Main Street: Nov. 28, 2018
“Stewardship is an ethic that embodies the responsible planning and management of resources.” — Wikipedia.
There is a lot of buzz these days about being a good steward. We talk about the stewardship of financial resources, the environment, our institutions and physical buildings of a campus.
Professionals who manage others’ financial resources have come under scrutiny to manage them in a way that puts the clients’ interest first. They have a stewardship and fiduciary obligation to avoid conflicts of interest that benefit the manager at the expense of the client.
The past 20 years also has seen a major shift in how we view natural resources such as the air, water, minerals, plant and wildlife. As we are finding out, there are tradeoffs that are not easy to resolve. For example, in Kankakee County, we have seen disagreements regarding the installation of solar farms.
Stewardship is also a common topic of discussion in religious circles regarding how individuals spend their financial resources and time. The conversation usually includes why people should share a portion of those resources to help their church or synagogue carry out their mission.
These organizations generally vest oversight responsibility in a board of trustees and, in many cases, a board of stewards. Most of the same issues also apply to nonprofit organizations that receive donations or grants and seek to advance programs to solve tough problems and/or to enrich society.
What is clear in all of these situations is protection of resources is not automatic. It takes planning and wisdom to preserve what is here now and plan for the future.
The vast majority of these discussions focus on physical things such as buildings, financial resources, the environment and natural resources. What generally is missing, though, is a dialogue about the stewardship of people.
Most organizations say, and in some cases actually mean it, people are their most important resource. But to what degree do we think about applying the concepts of stewardship to people. As parents, managers, leaders in the work environment and members of service organizations, do we really see ourselves as stewards of other people?
Not in the sense that we own them or that they are “property” to be manipulated or used for our objectives but rather as children of God with imminent worth.
We can apply stewardship concepts to those in our care, those who work for us or with us, those we teach and even to ourselves. We are not talking about condescending paternalistic or patronizing behavior but rather a genuine care and concern for others. Let me share three ways we can do that.
First, we really must see people as our most important resource. We have seen the tragic Gulf Coast hurricane and California fires. Families have lost everything. Yet if their loved ones and pets survived, they have a profound sense of gratefulness.
Too often it takes disasters such as these to get those of us not directly affected to realize how, day-in and day-out, we take those around us for granted. With stewardship in mind, we need to find ways to overcome small irritations, disagreements and disputes to preserve our relationships.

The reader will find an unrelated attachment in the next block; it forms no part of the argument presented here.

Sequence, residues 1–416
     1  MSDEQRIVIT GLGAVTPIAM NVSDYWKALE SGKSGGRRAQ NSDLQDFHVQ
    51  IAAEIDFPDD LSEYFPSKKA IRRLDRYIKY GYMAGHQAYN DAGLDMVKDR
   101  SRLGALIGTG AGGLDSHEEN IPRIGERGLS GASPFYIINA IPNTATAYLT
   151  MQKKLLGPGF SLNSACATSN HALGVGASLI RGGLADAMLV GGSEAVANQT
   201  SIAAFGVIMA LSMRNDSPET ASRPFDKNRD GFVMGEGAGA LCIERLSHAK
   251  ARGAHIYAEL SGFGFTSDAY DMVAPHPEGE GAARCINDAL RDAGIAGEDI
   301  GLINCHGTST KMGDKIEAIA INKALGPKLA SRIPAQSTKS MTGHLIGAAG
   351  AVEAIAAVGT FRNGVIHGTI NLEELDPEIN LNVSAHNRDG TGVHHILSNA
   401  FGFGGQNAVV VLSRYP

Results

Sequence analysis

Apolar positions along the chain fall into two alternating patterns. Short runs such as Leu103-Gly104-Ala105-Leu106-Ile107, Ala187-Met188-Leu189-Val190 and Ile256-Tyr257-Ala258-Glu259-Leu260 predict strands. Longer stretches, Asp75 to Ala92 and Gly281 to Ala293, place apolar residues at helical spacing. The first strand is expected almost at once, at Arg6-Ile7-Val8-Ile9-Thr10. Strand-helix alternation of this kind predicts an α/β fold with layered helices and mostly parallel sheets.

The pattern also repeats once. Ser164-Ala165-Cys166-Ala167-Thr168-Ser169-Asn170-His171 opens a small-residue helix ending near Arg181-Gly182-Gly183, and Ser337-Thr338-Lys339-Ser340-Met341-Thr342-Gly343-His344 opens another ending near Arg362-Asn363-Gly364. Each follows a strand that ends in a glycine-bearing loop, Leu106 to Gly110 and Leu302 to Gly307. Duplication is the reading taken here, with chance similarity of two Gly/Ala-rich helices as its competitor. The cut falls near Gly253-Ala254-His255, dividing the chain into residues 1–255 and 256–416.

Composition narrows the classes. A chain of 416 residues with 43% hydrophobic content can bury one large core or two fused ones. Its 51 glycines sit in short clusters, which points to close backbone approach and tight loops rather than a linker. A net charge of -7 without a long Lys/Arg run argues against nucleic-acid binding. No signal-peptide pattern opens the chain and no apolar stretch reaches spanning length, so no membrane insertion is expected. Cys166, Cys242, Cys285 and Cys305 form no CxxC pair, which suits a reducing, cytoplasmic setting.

Secondly, just as financial managers are required to put their clients first, we need to think about what others want for themselves rather than what we desire for them. Many of us as parents have faced this dilemma.
We want what is best for our children. We strive to provide wise counsel, but in the end, as good stewards, we must let them make their own decisions, including their own mistakes. As managers, we need to apply the principles of appreciative inquiry, which I wrote about a few weeks ago.
We need to look beyond a person’s present position and job role. We can ask them in what ways they could better use their skills and abilities to help the organization improve. Furthermore, we can give employees assignments that will help them grow and develop in a direction they want to go. The most successful businesses and organizations do this. To do otherwise means you have destined many high potential employees to a mediocre career.
Third, don’t just recognize people’s potential, but tell them about it and demonstrate it by showing your confidence in them. While we all have dealt with arrogant self-important people, a large percentage of individuals we encounter tend to underrate their potential. Too often one’s true abilities are inversely proportional to the amount of self-promotion and bragging they do.
Whether it is our children, students, employees or co-workers, we have a stewardship responsibility to develop people. The first step is recognizing their excellence and/or potential excellence.
As a professor, every year, I had three to five students who so underrated their abilities they were afraid they would not pass or at least get a good grade in the challenging strategy capstone course I taught. With my encouragement and their hard work, they frequently turned out to be among the very best students.
One of the things that gave me the most fulfillment as a professor was when I could write a letter of reference for one these formally under-confident students where I could genuinely say, “This student is among the top 5 percent of students I have ever had at the University of Iowa, Florida State University and ONU.”
It wasn’t about me at all. Rather it was proactively using my position of stewardship that was granted to me to teach these young people.
In summary, while we usually think about stewardship regarding things, places and money, the stewardship of human beings is potentially a higher calling. Look around. We all are stewards of others.